Reasons to Give
Donors to AAHPM have the opportunity to support a number of worthy causes that all point towards our vision of high-quality hospice and palliative care available to all who need it.
AAHPM Donation Funds
An unrestricted gift or pledge provides the flexibility and resources needed to address the most pressing issues facing HPC medical professionals by supporting the Academy’s programs, services, and general operating needs. With your support, Academy is able to provide more to its members so that they can, in turn, help their patients.
Leadership Scholarship Fund
The Leadership Scholars Fund provides financial support to physician members seeking to participate in leadership development engagement activities to support growth as a leader. Learn more.
Alyssa L. Bogetz Educational Fund
The Alyssa L. Bogetz Educational Fund to Integrate Care for Patients with Mental Illness Into Hospice and Palliative Medicine aims to provide educational offerings for multidisciplinary clinicians from the field of hospice and palliative care at AAHPM events that specifically address the challenges related to refractory mental illness in patients and families served. Learn more.
International Physician Scholarship Fund
The International Physician Scholarship provides financial support and access to quality education for physicians who reside in developing countries by helping them attend the Annual Assembly. Learn more.
Donor and Scholar Stories
Many of our generous donors have shared why they chose to make philanthropic gifts or how those philanthropic gifts affected them. Below are just a few of their stories.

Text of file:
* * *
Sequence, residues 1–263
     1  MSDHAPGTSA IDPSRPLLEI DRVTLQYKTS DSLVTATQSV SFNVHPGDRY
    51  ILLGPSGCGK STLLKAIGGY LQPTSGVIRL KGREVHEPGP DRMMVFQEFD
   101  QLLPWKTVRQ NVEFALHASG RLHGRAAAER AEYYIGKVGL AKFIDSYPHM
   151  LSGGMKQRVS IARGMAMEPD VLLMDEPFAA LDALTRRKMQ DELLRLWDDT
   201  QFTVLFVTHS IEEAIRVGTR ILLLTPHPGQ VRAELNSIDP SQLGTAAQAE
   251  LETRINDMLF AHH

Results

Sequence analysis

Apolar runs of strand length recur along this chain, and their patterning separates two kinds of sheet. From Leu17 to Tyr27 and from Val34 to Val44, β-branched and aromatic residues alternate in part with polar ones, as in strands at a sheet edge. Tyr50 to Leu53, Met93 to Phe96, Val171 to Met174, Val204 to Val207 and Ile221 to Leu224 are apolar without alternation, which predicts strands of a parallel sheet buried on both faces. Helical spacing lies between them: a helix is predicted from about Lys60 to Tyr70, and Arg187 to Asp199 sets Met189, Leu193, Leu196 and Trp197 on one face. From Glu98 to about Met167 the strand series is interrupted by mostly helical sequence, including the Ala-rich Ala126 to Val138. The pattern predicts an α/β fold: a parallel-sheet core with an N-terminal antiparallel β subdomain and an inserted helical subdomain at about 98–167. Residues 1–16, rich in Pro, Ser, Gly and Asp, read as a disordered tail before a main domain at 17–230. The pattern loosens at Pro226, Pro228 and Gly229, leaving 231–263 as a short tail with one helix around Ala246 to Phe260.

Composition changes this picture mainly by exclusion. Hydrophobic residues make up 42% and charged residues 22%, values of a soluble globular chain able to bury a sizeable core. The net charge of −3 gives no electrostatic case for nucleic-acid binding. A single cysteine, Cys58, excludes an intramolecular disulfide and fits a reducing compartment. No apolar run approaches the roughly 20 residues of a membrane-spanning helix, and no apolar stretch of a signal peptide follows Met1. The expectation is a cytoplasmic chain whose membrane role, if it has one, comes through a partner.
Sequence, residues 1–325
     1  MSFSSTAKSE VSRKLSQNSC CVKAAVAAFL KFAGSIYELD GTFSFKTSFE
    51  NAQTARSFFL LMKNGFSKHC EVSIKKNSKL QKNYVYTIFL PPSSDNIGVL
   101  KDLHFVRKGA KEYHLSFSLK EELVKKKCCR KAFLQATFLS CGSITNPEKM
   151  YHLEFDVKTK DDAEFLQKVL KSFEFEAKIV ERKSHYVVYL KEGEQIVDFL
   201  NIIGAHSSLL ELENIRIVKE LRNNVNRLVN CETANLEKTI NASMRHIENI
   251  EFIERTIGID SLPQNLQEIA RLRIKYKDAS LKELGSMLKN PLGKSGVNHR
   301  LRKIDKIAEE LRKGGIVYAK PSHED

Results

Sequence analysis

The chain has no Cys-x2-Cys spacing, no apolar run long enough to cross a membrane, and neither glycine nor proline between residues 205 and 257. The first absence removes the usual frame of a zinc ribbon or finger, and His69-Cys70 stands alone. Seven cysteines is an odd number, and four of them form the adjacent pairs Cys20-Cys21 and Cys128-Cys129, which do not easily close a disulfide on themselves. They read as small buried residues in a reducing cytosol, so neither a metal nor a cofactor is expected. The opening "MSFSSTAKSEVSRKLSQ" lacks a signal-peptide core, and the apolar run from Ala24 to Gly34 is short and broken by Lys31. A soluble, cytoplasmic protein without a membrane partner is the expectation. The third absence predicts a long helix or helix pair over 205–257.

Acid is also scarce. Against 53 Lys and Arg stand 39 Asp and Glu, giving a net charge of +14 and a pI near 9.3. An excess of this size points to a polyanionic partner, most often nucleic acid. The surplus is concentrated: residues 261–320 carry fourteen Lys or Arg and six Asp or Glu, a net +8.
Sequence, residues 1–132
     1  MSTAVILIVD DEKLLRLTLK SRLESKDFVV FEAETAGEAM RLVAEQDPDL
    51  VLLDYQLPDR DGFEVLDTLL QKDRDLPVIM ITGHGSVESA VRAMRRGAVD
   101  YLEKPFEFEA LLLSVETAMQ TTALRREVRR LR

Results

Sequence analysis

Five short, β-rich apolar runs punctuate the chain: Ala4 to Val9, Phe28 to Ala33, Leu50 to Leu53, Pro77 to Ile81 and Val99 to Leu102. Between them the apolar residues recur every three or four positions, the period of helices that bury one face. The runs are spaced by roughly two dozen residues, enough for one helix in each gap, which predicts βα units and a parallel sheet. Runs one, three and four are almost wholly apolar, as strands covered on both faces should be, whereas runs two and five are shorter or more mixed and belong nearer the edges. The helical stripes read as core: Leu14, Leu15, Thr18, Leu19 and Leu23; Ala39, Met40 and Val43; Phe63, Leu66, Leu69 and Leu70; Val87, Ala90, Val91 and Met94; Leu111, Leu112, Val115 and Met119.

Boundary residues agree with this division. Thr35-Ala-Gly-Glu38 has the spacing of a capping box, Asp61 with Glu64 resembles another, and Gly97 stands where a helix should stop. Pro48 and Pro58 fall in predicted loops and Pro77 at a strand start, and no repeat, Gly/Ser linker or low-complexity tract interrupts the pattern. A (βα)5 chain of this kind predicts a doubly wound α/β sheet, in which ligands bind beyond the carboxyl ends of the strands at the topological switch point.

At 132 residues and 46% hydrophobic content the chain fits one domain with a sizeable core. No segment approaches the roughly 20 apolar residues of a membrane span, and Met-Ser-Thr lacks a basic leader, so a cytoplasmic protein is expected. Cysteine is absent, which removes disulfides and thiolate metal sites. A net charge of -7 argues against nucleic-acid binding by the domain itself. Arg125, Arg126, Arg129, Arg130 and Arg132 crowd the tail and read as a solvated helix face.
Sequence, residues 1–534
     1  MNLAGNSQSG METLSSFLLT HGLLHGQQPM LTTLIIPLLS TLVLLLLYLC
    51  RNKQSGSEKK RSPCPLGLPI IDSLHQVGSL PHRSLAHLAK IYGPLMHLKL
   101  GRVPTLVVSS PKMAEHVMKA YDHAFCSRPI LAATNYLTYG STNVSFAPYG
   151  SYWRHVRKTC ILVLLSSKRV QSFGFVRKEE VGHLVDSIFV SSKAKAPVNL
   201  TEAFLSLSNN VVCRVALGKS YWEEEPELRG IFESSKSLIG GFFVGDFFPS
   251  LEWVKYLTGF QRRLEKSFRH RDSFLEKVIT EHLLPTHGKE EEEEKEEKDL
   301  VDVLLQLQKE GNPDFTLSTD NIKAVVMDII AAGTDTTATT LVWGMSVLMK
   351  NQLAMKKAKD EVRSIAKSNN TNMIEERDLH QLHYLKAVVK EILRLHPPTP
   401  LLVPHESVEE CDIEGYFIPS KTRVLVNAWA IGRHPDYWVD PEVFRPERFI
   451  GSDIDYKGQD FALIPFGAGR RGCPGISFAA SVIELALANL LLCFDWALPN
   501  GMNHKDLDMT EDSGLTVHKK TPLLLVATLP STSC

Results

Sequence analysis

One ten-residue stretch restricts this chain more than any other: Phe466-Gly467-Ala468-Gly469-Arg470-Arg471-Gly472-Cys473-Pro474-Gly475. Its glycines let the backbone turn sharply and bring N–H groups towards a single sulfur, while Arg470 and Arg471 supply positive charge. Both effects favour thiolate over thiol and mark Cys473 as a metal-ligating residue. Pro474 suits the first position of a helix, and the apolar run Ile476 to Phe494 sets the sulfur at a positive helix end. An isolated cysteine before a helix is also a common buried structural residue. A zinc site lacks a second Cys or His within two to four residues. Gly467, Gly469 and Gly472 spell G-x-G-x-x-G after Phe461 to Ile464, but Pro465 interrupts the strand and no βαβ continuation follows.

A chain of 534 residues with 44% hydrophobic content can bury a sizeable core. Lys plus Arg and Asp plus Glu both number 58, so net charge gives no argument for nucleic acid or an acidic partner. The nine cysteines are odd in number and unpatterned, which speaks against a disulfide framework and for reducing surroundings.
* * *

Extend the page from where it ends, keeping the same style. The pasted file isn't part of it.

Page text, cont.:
The Bogetz Family
Our daughter and sister Alyssa was extraordinary in her passion, sensitivity, care, and courage. Like countless others who have lost a loved one, our family dedicated itself to creating a legacy to honor Alyssa's lifelong values, character, and personal struggles as she faced death from more than 20 years of anorexia nervosa. Establishing the Alyssa L. Bogetz Educational Fund within AAHPM is Alyssa's legacy.
Alyssa passed away in the summer of 2021 at the age of 36. In her last few months, Alyssa came to understand and accept that she could no longer live with her disease. As she continued to lose weight, each member of the family struggled to reflect on her courage and accept her decisions. Alyssa was directed to outpatient palliative and home hospice care under the hospice rubric which was very rare for those with mental illness - even one where death is due to its medical consequences. The care was compassionate, but it lacked nuance in understanding the unique aspects of death from a primary mental illness.
As our family discussed Alyssa's legacy, it was clear that we needed to engage her values and dedication to medical education with her life experience, particularly Bogetz Family at its end. Our daughter, Jori, a member of the Academy, recognized that the fund's purpose dovetailed with AAHPM, its members, and the patients it serves. The Alyssa L. Bogetz Educational Fund provides for at least 10 years of AAHPM educational activities that catalyze through, discussion, debate, and learning about the role of hospice and palliative care in the context of those suffering from mental illness.